Resort architecture or Bäder architecture (German: Bäderarchitektur) is an architectural style that is especially characteristic of spas and seaside resorts on the German Baltic coast. The style evolved since the foundation of Heiligendamm in 1793, and flourished especially around the year 1870, when resorts were connected to big cities via railway lines. Until today, many buildings on the German coasts are built in the style or feature distinct elements of resort architecture.
Single free-standing mansions featuring resort architecture are also called Bädervilla (plural Bädervillen), translating as Resort Mansion or Spa Villa.
The architecture of inland health spas in Central Europe (i.e. those away from the coast), in Thuringia, the Czech Republic or Switzerland for instance, is generally referred to as spa architecture (Kurarchitektur).
This architectural style was first applied in the Seebad Heiligendamm, founded in 1793, on the Mecklenburg Baltic coast, the oldest seaside resort on the European continent. The style spread quickly along the German Baltic Sea coast, since 1810 for the first time in Pomerania with the founding of the seaside resort of Putbus – Lauterbach on Rügen . Isolated buildings are also located on the North Sea coast .
Begun in the style of classicism , the spa architecture developed over the historicism to Art Nouveau . It is not a self-contained style epoch such as the Renaissance or the Baroque . Its peculiarity is the combination of different architectural features in their respective epochs. The special composition of the stylistic elements makes the resort architecture to a distinctive design.
Outside of Germany there are buildings inspired by the resort architecture, for example on Swiss lakes. The architecture of inland spas is usually referred to as spa architecture . There are many parallels between it
The architectural style of resort architecture was initially developed since the foundation of Heiligendamm in Mecklenburg in 1793, the first continental European seaside resort, as a style mixture that should appeal to the upper class, like the aristocracy and businessmen of Europe.
The style especially received a boost with the railway lines connecting the then booming seaside resorts of Germany to European metropolitan areas in the late 19th and early 20th century. It can be a variation of several styles with new elements, including historicism and Art Nouveau, for instance. It is often characterised by two to four storey buildings whose façades are often decorated with balconies, gables and verandas. In larger villas there are occasionally central avants-corps. Arched or rectangular windows predominate, occasionally flanked by half-columns or blind pilasters. Triangular gables and occasionally also curved gables or small turrets close off the ends of the attics. What is special about this form of architecture is its basic composition in classical styles that are very freely combined and which may be mixed with art nouveau ornamentation, for instance on the capitals.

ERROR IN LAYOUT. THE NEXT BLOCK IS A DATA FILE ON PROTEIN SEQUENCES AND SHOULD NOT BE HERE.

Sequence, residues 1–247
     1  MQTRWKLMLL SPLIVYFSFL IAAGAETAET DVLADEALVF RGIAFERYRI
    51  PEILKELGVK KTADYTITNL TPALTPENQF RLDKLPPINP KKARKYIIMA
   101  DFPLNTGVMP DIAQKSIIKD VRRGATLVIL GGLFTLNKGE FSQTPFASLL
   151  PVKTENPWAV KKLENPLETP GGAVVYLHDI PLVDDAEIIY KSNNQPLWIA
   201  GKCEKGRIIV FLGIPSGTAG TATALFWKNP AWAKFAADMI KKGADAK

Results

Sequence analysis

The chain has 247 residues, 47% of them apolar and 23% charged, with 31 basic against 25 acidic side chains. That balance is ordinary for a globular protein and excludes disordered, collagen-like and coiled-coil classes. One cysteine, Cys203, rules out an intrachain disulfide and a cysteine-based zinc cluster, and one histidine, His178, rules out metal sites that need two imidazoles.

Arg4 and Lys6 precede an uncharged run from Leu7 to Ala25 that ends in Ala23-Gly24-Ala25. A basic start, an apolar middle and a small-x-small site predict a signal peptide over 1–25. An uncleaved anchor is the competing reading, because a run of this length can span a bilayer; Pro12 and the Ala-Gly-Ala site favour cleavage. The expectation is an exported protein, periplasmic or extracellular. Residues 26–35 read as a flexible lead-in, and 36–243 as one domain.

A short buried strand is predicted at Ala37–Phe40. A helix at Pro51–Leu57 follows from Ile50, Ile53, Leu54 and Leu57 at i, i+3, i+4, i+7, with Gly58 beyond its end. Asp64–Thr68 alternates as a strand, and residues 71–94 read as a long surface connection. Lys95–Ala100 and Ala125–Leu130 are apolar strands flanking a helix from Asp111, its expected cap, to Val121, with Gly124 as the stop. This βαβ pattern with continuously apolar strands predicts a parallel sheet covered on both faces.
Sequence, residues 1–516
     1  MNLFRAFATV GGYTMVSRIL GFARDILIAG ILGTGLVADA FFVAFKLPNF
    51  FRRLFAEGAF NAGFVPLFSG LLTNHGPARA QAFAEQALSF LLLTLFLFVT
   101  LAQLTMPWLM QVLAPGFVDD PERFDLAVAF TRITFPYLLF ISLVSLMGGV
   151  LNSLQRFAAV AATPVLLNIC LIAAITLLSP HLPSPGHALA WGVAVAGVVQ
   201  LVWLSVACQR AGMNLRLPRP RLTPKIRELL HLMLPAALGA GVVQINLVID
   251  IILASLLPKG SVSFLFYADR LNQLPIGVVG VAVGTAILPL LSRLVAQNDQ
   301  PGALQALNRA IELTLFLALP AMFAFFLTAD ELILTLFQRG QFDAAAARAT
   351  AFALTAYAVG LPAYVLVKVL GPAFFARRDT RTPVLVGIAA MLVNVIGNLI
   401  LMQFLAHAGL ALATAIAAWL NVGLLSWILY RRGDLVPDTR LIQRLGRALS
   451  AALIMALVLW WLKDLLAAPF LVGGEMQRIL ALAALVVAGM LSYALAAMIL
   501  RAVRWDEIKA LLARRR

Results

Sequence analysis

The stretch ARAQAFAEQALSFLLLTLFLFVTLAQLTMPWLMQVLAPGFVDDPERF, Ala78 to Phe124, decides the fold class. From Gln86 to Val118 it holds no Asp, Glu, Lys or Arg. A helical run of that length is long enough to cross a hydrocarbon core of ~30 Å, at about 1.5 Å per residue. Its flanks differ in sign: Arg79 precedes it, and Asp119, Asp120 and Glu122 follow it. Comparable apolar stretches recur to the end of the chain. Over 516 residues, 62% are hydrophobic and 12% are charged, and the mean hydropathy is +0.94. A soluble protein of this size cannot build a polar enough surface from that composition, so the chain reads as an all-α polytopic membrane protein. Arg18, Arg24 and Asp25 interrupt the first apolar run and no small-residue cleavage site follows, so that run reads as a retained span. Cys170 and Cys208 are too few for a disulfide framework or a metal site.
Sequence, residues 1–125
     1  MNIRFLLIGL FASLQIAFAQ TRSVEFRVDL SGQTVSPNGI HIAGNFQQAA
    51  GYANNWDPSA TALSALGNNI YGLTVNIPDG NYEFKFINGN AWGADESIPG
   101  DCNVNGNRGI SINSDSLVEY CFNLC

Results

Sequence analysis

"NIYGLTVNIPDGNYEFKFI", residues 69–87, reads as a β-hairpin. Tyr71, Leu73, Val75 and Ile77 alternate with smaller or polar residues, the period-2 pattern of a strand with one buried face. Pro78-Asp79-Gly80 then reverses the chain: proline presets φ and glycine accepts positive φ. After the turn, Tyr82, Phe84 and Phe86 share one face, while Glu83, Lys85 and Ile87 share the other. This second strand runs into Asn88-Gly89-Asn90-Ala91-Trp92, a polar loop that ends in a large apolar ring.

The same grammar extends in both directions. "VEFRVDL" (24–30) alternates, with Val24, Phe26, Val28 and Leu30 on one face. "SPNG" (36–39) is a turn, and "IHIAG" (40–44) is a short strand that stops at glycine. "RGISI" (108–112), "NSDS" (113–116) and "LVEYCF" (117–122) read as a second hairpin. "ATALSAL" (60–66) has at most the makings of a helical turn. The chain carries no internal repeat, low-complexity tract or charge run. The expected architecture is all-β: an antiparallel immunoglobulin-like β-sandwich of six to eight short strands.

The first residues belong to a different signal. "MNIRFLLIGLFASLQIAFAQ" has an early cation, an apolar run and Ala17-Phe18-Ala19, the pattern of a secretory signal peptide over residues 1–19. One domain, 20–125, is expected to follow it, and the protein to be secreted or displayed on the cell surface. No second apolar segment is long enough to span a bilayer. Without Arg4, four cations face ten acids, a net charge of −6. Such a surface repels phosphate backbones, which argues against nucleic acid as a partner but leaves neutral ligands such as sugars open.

The most common colour is white, which is why the health spas are occasionally described as “white pearls”. As a result, the rare examples in colour, for example, painted in Bordeaux red, olive green, beige or blue, set amongst their white counterparts, are very striking. Overall the buildings appear rather delicate and are often built of wood with a core of stone.
Among the best-known examples today are those found on the Baltic coast on the island of Rügen, for instance in Sellin, Binz or Göhren. Heiligendamm near Bad Doberan is the oldest German seaside spa; numerous buildings from the early spa era can be found there.
Entire ensembles in white with occasionally coloured buildings are found in the parish of Heringsdorf on the island of Usedom. As well as in Kühlungsborn. One of the oldest buildings featuring the resort style was built by Georg Bernhard von Bülow in 1845 in Heringsdorf, Villa Achterkerke. One of the art-historically most important buildings (due to its glass mosaic), is the Villa Oechsler in Heringsdorf, built in 1883 by Antonio Salviati.